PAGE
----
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ST ANTHONY'S CHAPEL, CHURCH SITE, WEST ANGLE BAY

Site Details

© Copyright and database right 2019. All rights reserved. Ordnance Survey licence number 0100022206

NPRN 409858

Map Reference SM80SE

Grid Reference SM85130305

Unitary (Local) Authority Pembrokeshire

Old County Pembrokeshire

Community Angle

Type of Site CHAPEL, CIST GRAVE CEMETERY, DEFENDED ENCLOSURE

Broad Class RELIGIOUS RITUAL AND FUNERARY

Period Early Medieval

Site Description St Anthony’s Chapel was mentioned in documents of c.1500 when it may already have been in decay. A possible chapel site has been identified by geophysical survey. An oval enclosure measuring c.55m east-west by c.45m north-south presumably represents its surrounding churchyard. The oval enclosure is depicted on first edition Ordnance Survey mapping and is visible as an earthwork. The field in which it is located is referred to as ‘Church Field’ on 19th century tithe mapping. An Iron Age promontory fort is situated on the eroding cliff edge some 160m west-north-west of the chapel.

The oval enclosure lies within a larger rectangular enclosure with rounded corners, measuring 120m east-west by 60m north-south, delineating the boundary of a cist cemetery. There is a 30m-wide ‘annexe’ on the rectangular enclosure’s east side. Its northern boundary is not visible as the northern part of the cemetery is disappearing with the eroding cliff-face, ‘graves and stone coffins’ being noted as far back as 1811. The presence of cist burials in the eroding cliff was noted in 1997 and the cemetery was excavated in 2005–2006 by Dyfed Archaeological Trust and Pembrokeshire Coast National Park. A radiocarbon date of AD 540-550 was obtained from the west ditch of the rectangular enclosure, which may be the earliest feature on the site. The ‘annexe’ may have been contemporary and have become disused by the 7th century. The earliest burial dated to 650-780 and lay outside the oval enclosure but within the rectangular enclosure. A possible ditch noted in the eroding cliff in 2011 may represent the cemetery enclosure boundary.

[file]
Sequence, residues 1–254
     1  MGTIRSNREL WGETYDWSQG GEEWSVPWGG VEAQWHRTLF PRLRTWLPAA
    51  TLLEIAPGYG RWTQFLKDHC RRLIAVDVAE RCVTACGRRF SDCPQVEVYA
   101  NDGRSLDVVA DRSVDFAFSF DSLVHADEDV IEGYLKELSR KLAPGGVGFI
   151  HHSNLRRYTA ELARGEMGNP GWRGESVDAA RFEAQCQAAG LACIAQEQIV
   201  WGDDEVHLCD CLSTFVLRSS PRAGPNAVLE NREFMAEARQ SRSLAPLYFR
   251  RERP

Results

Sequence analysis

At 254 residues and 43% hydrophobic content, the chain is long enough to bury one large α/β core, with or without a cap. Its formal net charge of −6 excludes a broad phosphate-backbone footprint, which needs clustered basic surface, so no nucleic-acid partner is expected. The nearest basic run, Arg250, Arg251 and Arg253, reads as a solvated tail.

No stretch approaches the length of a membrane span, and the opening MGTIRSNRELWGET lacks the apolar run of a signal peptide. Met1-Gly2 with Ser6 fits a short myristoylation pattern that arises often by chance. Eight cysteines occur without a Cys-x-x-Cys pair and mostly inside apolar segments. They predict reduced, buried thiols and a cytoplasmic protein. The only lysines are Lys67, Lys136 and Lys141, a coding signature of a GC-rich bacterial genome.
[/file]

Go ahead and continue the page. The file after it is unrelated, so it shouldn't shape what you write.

Excavation indicates that the oval enclosure dates to AD 660-870. The earliest burial within the oval enclosure also dates to that time. Burial within the oval enclosure continued until around AD 890-1120.

Sources include:
Dyfed Archaeological Trust, 2003, Early Medieval Ecclesiastical Sites Project, Pembrokeshire gazetteer
Groom, P. Schlee, D. & Ludlow, N. 2011, ‘Two early medieval cemeteries in Pembrokeshire: Brownslade and West Angle Bay’, Archaeologia Cambrensis 160, 133–203

N Vousden, 03 November 2017

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